The Spread of the Russian Language in the Global South during the Cold War

By Nayan Seth, MGA Candidate 2024, The Fletcher School

For a long time, language has been utilized to gain global influence by great powers. During the Cold War, it was no different. Apart from fighting proxy wars in multiple countries, both the United States and the Soviet Union indulged in a battle for the spoken word. A new research paper from Rachel Applebaum, Associate Professor of History at Tufts University, sheds light on the rise of Russian as a world language during the Cold War linguistic competition in the countries of the Global South. 

On November 15, 2023, Applebaum shared her insights about the research at the LSE-Tufts Seminar in Contemporary International History held at The Fletcher School. After World War II, the Russian language was included in a select group of most common international languages, including English, French, and German. 

“During the Cold War, Russian joined the ranks of world languages. It became an official language of international organizations, including the United Nations and UNESCO.” In the Global South, the spread of communism and decolonization “created new opportunities” for the Russian language.

“The widespread study of Russian beyond the USSR borders first began in the new socialist countries in Eastern Europe and East Asia in the late 1940s when local communist leaders made Russian a required foreign language in schools.” In Asia and Africa, socialist-leaning and non-aligned states with ties to the USSR such as Senegal, Mali, and Cambodia also recruited Soviet Russian language teachers.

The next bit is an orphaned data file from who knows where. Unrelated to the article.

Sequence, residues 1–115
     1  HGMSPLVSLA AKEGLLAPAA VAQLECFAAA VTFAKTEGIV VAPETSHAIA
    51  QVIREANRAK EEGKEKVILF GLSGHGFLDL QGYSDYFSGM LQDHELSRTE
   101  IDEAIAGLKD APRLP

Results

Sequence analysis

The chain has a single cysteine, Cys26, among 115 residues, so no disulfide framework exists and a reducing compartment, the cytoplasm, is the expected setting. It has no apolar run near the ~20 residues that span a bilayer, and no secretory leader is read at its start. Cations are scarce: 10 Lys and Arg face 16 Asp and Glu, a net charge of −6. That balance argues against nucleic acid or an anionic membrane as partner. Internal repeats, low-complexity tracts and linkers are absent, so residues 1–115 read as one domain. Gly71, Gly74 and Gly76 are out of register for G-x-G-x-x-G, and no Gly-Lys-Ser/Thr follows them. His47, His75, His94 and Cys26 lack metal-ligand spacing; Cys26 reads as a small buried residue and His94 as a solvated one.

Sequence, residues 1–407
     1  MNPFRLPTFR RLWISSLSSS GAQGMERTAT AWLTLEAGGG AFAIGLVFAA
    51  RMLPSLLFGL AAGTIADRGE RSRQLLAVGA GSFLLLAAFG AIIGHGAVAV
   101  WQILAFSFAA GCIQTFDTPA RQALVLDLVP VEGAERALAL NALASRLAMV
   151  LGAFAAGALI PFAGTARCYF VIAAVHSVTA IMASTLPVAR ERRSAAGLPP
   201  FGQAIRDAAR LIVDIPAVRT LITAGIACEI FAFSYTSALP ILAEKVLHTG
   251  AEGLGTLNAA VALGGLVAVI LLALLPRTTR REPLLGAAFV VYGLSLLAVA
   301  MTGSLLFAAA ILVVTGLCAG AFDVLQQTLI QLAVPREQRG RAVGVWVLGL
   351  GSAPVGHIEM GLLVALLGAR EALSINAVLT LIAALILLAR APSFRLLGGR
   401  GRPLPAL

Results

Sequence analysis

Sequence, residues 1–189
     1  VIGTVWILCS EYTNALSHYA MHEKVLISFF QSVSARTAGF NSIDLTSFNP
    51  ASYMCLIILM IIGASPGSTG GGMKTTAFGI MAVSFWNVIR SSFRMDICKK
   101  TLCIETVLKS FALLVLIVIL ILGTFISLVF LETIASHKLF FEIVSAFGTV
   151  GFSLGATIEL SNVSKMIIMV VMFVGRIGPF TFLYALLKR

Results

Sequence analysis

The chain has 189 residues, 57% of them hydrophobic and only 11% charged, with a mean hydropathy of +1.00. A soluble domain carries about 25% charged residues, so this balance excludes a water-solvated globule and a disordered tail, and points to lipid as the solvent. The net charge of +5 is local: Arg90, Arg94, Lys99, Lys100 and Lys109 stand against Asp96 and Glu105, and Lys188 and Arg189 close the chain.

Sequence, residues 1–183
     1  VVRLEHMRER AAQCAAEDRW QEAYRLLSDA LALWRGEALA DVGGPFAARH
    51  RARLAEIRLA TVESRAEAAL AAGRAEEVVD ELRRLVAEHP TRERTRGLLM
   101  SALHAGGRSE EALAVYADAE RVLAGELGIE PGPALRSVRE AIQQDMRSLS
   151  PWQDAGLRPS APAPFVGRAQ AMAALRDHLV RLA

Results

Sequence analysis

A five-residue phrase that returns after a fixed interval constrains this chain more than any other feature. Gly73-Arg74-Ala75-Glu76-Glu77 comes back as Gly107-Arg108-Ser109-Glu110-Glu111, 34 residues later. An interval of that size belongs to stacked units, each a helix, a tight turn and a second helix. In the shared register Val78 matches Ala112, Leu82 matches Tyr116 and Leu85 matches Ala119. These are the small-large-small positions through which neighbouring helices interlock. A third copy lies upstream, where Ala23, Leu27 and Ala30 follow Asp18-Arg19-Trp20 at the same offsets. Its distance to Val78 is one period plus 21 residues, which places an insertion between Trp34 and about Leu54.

According to Applebaum, the Soviet efforts to promote the Russian language were in response to the Western efforts to “either maintain or build political and cultural influence” post-decolonization. “Soviet officials viewed Western language promotion as a threat to their own national interests. They adopted the idea from their Western adversaries that language could serve as a form of soft power.”

However, the project created unique challenges for the Russian teachers in the Global South, as very few could speak English or French. “This was a constant complaint from people in the Global South, particularly in the educational sector that Soviet teachers do not speak English or French well, compared to the Americans or the British.”

Although the Russian language made credible inroads, it could not win the global language battle with English and French. And the collapse of the Soviet Union dealt a huge blow to the language promotion efforts. “In Eastern Europe, where literally overnight, all the Eastern Bloc countries where Russian had been an obligatory language in schools and universities transferred to English,” Applebaum said. 

In the last few years, there has been an effort by Vladimir Putin’s regime in Russia to revive the language project. Applebaum believed that although it has a few common aims, it is different in nature.

“So one [aim] is to promote Russians to foreigners, but a large part of what they do is also establishing connections with the Russian-speaking diaspora,” the same community during the Soviet period was viewed with scepticism.

“They [USSR officials] were afraid of emigres whereas the Russian government is very much trying to establish contacts with those emigres and bring them into the fold,” Applebaum concluded. 

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